Mississippi Equal Pay/Comparable Worth: What you need to know

Many states have laws prohibiting gender-based differences in compensation for jobs requiring equal skill, effort, and responsibility that are performed under similar working conditions. These laws are commonly known as equal pay acts. Other states have gone further and enacted prohibitions against gender-based pay discrimination between jobs that, though not equal (or even similar), are of comparable value to the employer. These laws are known as comparable worth laws.
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Mississippi does not have legislation addressing either equal pay or comparable worth. However, employers that are covered under the federal Fair Labor Standards Act (FLSA) (i.e., engaged in interstate commerce) are subject to the requirements of the federal Equal Pay Act of 1963 (EPA), which does prohibit paying men and women differently for substantially equal jobs.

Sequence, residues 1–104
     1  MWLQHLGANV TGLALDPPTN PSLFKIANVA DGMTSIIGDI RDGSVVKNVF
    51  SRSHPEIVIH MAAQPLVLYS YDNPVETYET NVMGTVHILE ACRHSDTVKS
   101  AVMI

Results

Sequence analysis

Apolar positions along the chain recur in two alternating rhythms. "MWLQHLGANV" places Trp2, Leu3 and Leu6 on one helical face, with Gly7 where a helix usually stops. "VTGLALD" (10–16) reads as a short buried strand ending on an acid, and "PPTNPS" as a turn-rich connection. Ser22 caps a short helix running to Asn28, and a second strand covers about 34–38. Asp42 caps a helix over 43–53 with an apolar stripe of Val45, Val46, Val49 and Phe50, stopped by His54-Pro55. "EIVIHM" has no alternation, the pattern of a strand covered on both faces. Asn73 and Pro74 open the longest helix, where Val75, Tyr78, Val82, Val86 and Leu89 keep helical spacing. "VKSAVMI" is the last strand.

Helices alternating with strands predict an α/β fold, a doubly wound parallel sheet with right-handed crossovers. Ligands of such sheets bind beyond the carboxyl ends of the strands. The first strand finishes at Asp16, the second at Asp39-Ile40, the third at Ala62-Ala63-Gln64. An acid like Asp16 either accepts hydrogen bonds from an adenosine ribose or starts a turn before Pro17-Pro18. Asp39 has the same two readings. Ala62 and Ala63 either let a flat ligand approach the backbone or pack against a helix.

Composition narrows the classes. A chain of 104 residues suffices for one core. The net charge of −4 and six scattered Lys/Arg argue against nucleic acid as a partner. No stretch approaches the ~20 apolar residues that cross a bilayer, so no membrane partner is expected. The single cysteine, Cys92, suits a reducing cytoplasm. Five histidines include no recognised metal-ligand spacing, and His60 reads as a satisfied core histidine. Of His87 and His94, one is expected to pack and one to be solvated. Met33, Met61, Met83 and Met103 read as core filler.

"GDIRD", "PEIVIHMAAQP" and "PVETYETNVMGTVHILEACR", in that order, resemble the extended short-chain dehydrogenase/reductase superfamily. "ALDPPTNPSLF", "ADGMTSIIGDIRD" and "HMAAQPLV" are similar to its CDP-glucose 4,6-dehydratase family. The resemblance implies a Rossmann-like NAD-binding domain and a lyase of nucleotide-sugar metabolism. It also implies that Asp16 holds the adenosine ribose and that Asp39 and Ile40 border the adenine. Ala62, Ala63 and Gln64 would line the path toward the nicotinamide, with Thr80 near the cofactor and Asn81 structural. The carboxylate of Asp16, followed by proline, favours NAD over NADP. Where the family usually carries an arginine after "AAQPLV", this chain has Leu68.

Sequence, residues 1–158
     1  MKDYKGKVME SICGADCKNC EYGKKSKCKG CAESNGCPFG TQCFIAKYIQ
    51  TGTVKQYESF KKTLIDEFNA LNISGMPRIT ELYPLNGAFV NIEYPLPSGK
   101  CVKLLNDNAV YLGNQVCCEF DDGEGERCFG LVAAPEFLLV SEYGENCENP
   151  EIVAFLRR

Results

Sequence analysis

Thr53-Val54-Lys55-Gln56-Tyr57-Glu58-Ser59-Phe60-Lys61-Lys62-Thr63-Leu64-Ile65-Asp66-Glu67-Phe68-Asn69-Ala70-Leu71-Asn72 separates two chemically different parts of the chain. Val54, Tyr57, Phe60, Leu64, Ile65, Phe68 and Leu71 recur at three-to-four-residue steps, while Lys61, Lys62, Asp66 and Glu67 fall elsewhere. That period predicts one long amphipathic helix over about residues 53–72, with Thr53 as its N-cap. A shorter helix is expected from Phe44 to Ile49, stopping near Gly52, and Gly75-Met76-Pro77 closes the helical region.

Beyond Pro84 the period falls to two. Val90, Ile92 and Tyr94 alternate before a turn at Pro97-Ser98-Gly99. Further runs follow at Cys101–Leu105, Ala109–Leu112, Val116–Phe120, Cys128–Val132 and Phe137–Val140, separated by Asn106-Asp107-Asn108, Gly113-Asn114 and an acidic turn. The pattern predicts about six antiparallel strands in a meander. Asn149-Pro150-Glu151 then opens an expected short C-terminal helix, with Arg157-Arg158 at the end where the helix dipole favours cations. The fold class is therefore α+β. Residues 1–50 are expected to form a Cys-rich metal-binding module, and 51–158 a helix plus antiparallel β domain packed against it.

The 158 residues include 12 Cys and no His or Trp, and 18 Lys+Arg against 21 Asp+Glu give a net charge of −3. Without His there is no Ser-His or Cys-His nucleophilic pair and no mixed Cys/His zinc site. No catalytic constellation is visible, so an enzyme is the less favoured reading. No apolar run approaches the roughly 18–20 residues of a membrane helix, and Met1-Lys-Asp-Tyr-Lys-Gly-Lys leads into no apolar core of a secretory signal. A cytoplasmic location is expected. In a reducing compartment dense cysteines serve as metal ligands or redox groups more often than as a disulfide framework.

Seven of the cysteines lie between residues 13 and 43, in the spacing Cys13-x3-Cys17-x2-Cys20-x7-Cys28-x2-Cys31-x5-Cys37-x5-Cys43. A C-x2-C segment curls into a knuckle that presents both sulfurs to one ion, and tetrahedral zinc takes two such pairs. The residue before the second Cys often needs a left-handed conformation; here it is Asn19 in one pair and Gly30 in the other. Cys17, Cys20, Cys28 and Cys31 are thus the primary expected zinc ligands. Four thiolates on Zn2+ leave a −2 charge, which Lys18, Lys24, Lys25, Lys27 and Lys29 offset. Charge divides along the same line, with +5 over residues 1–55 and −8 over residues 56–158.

State law prohibits public employers from discriminating against employees or applicants on the basis of sex (MS Code Sec. 25-9-149).
Two federal statutes prohibit gender-based differences in pay, most notably the EPA and Title VII of the Civil Rights Act of 1964 (Title VII). The Equal Employment Opportunity Commission (EEOC) and some courts take the position that any violation of the EPA is also a violation of Title VII.
Under the Lilly Ledbetter Fair Pay Act of 2009 (Ledbetter Act), Title VII and other federal fair employment laws were amended so that each paycheck affected by an employer's prior discriminatory practice or decision constitutes an unlawful discriminatory act that triggers a new deadline for filing a pay discrimination claim. An employee alleging discrimination must be able to show that the paycheck or ...

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